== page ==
Increased confidence in the criminal justice system

27 February, 2009
Basic confidence in the Swedish criminal justice system increased between 2006 and 2008.
Basic confidence in the criminal justice system increased between 2006 and 2008. This is confirmed by the National Council for Crime Prevention (Brå — Brottsförebyggande rådet) in its annual Swedish Crime Survey, which is presented today.
'Confidence in prosecutors, the courts, and the correctional system increased markedly, while confidence in the police remained at a relatively high level,' reports Jennie Wigerholt, researcher at Brå.

Of those surveyed, six out of ten reported a high level of confidence in the police. Half reported high levels of confidence in prosecutors and the courts, while the figures for the correctional system were somewhat lower — 36 percent.

High profile events can affect confidence

In the county of Blekinge, far fewer of the residents reported a high level of confidence in the police than the national average. Levels of confidence in Blekinge have declined greatly since the previous survey — down from 60 to 47 percent. At the same time, almost a quarter of those surveyed reported low levels of confidence in the police. This is probably the effect of widely reported events in the village of Rödeby, where a father shot and killed a young man who was trespassing on family property — the victim was at the time in company of another young man known to have harassed the son of the family on several occasions. The family had repeatedly reported their harassment to the police during the months leading up to the shooting, but the police had failed to act upon these reports.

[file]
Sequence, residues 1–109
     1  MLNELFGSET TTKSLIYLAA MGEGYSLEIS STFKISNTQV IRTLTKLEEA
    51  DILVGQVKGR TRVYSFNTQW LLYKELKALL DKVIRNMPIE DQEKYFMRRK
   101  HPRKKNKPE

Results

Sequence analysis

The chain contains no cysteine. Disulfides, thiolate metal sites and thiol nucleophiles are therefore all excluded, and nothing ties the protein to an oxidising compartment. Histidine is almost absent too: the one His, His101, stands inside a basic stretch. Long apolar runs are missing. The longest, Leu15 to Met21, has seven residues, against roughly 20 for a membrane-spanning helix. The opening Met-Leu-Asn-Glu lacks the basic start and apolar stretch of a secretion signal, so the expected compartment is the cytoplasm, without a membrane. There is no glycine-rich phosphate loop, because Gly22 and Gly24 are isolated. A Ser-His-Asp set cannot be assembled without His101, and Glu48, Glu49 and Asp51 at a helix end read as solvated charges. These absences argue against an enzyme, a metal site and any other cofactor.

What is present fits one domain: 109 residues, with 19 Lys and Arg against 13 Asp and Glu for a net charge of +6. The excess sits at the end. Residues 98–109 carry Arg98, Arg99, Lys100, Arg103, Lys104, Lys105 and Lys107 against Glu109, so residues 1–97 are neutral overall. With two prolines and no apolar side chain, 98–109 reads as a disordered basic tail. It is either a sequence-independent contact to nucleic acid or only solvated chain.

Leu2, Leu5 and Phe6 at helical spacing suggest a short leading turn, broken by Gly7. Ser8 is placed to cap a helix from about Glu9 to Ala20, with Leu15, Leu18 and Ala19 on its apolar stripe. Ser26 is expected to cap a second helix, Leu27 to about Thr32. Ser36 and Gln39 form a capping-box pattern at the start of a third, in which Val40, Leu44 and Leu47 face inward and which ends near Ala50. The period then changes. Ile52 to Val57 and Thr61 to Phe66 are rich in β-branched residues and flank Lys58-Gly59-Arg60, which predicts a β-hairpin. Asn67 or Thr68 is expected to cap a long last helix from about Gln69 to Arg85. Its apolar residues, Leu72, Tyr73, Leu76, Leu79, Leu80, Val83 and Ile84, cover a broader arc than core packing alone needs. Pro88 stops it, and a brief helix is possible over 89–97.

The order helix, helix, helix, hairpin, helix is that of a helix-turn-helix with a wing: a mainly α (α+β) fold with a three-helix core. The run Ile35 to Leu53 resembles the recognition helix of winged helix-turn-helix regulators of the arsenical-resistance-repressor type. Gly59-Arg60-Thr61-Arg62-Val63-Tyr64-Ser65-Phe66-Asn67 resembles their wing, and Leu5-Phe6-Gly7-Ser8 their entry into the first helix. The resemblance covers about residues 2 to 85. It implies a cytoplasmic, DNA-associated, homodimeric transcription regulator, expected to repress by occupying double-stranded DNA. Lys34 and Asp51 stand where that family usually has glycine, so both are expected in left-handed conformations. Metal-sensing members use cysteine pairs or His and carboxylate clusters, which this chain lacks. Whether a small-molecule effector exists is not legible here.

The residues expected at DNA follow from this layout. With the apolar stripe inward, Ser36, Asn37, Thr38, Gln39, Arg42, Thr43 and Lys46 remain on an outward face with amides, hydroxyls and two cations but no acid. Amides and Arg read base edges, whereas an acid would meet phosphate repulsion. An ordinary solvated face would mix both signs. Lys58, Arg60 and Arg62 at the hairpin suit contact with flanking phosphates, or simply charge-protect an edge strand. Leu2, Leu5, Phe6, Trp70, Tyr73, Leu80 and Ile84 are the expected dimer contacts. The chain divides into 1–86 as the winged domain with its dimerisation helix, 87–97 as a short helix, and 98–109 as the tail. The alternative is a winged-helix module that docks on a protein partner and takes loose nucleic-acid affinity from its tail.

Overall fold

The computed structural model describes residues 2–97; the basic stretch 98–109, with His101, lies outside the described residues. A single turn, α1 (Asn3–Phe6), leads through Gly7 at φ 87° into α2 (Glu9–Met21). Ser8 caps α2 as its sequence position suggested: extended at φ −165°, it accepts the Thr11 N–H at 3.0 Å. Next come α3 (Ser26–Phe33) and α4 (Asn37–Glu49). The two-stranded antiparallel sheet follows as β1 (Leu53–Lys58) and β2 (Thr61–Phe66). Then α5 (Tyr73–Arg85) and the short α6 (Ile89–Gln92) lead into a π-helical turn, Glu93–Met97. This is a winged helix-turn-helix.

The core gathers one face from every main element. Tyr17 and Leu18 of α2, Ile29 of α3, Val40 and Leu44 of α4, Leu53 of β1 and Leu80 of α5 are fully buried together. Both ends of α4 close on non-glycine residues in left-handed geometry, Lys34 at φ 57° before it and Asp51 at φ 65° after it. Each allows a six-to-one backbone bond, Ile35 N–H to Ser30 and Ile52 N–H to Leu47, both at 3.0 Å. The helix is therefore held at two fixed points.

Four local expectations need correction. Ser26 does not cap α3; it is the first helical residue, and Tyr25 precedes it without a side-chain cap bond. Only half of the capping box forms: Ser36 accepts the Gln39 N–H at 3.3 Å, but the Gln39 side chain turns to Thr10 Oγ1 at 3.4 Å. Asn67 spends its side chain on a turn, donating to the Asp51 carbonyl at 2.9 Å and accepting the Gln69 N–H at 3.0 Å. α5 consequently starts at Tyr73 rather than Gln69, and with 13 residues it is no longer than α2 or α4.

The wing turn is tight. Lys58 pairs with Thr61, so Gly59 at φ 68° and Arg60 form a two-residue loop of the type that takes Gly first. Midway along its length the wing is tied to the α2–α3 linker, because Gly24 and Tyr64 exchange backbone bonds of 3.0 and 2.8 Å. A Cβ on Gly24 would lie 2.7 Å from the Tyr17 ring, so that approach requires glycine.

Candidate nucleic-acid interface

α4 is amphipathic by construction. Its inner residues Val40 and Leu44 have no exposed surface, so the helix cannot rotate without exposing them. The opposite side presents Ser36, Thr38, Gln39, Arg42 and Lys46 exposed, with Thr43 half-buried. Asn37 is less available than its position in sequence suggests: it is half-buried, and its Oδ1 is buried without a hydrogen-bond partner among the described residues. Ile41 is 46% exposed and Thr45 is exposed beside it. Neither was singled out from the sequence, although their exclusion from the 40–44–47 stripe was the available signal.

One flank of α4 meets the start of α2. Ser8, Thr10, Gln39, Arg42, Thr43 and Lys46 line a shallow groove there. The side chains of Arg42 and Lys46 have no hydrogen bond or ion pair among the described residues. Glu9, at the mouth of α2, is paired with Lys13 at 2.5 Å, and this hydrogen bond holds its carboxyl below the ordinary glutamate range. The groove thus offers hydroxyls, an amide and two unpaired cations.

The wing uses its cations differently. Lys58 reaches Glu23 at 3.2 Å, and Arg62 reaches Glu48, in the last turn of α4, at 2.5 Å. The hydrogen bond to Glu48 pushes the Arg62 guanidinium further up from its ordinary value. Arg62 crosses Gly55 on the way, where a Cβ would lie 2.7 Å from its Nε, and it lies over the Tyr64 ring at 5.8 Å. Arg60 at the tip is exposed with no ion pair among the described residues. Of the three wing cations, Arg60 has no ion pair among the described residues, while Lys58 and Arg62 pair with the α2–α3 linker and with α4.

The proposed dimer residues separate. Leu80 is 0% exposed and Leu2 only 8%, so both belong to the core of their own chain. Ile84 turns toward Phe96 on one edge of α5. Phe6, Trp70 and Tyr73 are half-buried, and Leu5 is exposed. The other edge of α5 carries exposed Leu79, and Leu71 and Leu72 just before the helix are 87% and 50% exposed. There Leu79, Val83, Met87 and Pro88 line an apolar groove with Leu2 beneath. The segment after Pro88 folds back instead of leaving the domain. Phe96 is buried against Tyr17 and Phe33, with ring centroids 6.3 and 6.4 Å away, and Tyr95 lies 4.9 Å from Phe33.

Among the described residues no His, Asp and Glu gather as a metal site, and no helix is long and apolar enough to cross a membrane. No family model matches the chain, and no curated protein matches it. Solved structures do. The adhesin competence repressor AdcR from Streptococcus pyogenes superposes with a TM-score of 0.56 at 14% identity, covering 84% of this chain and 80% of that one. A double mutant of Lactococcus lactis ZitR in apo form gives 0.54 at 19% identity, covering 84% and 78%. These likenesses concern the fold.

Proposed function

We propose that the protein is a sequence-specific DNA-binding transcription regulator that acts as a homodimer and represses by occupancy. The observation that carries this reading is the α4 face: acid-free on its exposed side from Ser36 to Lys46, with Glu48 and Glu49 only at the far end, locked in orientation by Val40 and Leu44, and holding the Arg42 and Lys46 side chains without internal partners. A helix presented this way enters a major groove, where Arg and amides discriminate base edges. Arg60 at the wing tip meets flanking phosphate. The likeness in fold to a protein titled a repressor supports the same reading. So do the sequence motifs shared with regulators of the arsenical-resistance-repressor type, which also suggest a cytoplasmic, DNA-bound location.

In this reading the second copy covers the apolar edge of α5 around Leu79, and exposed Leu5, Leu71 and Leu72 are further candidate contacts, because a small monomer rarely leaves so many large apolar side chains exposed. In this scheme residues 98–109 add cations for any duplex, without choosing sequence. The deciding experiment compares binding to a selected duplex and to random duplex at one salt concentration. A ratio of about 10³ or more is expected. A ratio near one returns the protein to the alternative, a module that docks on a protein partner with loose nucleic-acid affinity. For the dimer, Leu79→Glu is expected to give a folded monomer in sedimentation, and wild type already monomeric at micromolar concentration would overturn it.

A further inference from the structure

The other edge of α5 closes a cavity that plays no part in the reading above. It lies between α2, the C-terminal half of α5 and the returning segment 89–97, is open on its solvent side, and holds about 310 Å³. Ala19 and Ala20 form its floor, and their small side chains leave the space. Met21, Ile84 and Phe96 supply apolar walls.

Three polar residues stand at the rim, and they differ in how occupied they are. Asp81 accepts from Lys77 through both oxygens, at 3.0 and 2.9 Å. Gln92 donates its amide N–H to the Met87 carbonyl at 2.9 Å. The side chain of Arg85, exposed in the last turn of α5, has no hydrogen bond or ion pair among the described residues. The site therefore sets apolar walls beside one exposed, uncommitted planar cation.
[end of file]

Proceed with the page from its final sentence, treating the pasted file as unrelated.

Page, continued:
'We cannot say for sure that it is due to the incidents that took place in Rödeby, but it is a reasonable assumption. Even if the overall level of confidence in the police is high, this confidence is still quite fragile and it has to be nurtured,' notes Jan Andersson, Brå's Director General.

More results:

  • One in four people aged between 16-79 were subjected to some kind of crime during 2007.
  • 2.9 percent were exposed to assault, which amounts to 204,000 individuals.
  • 24 percent of crimes against the person were reported to the police.
  • Four out of five say that they are not worried about being personally subjected to crime, but that they are concerned about crime in society as a whole.
  • Some groups, such as women, the elderly, people of foreign origin and people living in blocks of flats, feel less secure than others.
  • Confidence that the criminal justice system will take good care of victims is relatively low (37 percent), while the police score much higher on the same question (52 percent).

About the Swedish Crime Survey:

The Survey, which has been carried out for the consecutive third year, measures the extent to which the general public is exposed to crime. It also surveys the nature of people's experiences of the justice system, as well as how secure the general public feels and their confidence in the justice system. The Swedish Crime Survey is based on interviews conducted with 15,000 persons aged between 16 and 79. The results are for the most part presented at the national level, but they are also presented for counties and for certain municipalities.